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"Balacchi Brothers" “THERE’S a man, now, that has been famous in his time,” said Davidge as we passed the mill, glancing in at the sunny gap in the side of the building. I paused incredulously: Phil’s lion so often turned out to be Snug the joiner.…

DOCTOR WARRICK’S DAUGHTERSCHAPTER I   DOCTOR SAMUEL WARRICK was a surgeon in a Federal regiment from the beginning to the end of the Civil War. His wife, in the meantime, lived with her children in the old Warrick homestead near Luxborough in eastern…

Earthen Pitchers  Chapter I.            “We’ll drive?” said young Chalkley, anxiously, halting on the steps of the Continental Hotel. He had Mr. Burgess, the English magazinist, in charge. “Oh, drive, of course!” beckoning to a hackman.[1] If heaven…

  FRANCES WALDEAUX Chapter I.   In another minute the Kaiser Wilhelm would push off from her pier in Hoboken. The last bell had rung, the last uniformed officer and white-jacketed steward had scurried up the gangway. The pier was massed with people…

“Here & There in the South” I.--Old and New THE train that rushed out of the wide winding suburbs of Washington down into Virginia, in the dawn of a cold February morning, was filled with Northerners going to New Orleans. They had, oddly enough,…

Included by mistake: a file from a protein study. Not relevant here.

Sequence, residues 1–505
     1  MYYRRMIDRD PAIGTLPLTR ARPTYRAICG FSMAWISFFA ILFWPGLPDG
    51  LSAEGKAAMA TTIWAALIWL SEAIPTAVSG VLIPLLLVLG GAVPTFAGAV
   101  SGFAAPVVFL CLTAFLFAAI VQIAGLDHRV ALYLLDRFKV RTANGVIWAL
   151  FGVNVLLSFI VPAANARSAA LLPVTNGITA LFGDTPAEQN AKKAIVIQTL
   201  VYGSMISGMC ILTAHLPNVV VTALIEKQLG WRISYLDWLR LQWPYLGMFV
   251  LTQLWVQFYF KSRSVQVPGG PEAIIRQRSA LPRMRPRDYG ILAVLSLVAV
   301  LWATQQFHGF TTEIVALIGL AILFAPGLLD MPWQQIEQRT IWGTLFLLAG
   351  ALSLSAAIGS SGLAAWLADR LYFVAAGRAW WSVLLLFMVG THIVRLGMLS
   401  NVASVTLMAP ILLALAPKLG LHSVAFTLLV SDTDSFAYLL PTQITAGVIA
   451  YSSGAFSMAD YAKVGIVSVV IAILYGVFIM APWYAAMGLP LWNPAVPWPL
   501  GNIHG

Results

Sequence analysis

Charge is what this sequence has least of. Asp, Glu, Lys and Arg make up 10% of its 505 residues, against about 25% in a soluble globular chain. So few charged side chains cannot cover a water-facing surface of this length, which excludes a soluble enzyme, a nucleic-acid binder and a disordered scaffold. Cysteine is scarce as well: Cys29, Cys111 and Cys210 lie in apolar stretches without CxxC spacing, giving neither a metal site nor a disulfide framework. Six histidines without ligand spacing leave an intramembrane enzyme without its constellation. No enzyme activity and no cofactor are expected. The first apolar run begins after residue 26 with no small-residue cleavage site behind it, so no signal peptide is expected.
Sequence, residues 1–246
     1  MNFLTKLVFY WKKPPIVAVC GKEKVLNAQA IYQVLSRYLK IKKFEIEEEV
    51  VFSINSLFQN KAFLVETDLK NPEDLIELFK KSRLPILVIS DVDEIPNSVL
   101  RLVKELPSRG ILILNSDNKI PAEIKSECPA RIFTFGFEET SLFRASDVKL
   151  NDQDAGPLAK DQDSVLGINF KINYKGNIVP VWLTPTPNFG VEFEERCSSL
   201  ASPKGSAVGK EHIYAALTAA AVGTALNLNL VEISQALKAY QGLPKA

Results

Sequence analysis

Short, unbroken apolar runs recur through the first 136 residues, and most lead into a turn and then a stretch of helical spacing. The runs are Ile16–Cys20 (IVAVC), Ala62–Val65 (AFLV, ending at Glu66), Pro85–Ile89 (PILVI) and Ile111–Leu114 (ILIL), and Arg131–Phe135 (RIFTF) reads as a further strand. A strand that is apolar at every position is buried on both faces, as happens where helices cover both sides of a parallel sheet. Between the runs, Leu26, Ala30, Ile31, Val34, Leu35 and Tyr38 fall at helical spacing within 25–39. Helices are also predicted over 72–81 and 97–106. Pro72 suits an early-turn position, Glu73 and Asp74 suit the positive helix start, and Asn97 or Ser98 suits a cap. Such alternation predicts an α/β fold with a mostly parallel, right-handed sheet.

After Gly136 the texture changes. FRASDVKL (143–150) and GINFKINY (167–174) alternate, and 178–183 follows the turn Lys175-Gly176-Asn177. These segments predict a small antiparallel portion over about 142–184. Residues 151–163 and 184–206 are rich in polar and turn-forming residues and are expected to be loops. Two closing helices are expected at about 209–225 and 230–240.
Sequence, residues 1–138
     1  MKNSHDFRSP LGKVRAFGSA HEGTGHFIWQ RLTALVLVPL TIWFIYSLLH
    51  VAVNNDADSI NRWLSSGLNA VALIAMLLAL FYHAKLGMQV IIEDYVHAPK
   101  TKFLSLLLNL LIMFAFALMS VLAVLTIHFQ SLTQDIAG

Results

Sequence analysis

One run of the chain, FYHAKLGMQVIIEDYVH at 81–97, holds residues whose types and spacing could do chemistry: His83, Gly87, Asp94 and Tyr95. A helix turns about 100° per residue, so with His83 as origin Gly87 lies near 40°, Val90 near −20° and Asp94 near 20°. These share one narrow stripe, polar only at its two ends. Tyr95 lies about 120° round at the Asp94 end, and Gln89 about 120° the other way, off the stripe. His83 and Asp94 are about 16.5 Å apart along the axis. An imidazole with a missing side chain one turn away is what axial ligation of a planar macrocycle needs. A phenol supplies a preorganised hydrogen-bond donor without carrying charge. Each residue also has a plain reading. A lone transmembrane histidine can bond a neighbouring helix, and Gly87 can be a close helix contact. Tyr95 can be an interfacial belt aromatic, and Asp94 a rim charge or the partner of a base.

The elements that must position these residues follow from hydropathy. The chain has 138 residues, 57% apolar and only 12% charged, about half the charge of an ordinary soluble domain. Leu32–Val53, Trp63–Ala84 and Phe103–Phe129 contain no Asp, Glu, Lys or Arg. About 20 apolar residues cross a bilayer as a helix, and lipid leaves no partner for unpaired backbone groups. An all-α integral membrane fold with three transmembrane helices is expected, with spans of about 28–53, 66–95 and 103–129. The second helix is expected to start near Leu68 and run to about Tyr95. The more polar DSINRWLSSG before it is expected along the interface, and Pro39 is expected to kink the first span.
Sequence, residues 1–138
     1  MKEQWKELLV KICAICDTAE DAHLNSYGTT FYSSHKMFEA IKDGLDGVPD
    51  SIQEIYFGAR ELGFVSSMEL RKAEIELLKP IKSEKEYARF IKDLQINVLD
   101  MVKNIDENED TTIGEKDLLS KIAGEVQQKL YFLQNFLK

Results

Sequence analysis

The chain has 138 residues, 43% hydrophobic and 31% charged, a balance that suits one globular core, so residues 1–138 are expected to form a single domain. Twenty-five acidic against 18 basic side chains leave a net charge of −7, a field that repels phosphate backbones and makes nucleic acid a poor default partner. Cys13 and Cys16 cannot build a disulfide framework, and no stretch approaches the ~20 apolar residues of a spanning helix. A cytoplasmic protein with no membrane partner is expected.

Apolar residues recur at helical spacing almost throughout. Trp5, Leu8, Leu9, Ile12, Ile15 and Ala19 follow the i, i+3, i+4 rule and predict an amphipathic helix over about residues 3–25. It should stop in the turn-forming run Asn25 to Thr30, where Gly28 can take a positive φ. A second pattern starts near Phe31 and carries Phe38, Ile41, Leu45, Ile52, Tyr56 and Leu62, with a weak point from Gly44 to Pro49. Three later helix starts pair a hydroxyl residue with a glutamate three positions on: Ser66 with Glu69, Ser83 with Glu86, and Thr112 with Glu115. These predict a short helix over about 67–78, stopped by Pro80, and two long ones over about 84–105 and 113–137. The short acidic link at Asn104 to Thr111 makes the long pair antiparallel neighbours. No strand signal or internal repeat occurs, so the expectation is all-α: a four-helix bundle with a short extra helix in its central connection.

"In the Gray Cabins of New England" AN Englishman who recently visited this country wrote from Boston to a friend: As I have so little time in America, I have decided to spend it all in New England. It is the American race that I wish to study, nor…

JOHN ANDROSS   CHAPTER I.   THE Niagara Express, just before sunset at the close of a sultry July day, was puffing slowly into Lock Haven, a small lumber-town which is the key of access to the wild mountainous district of Pennsylvania, from the rich…

"Life in the Iron-Mills." "Is this the end?O Life, as futile, then, as frail!What hope of answer or redress?" A CLOUDY day: do you know what that is in a town of iron-works? The sky sank down before dawn, muddy, flat, immovable. The air is thick,…

“MESMERISM vs. COMMON SENSE.”   CHAPTER I. Miss Wynn followed her brother out of his new house, and stood on the verandah. She looked down at the slope of forest and farm land. “You ought to be a satisfied man, Stephen,” she said, in her full, hearty…

PUT OUT OF THE WAY. CHAPTER I.             It was an ominously dull evening, even in Broadway. The rain beat on the top of Miss Hubbard’s hackney-coach, and drenched the windows, and shut her and old Mrs. McIntosh inside into a little jolting cell of…
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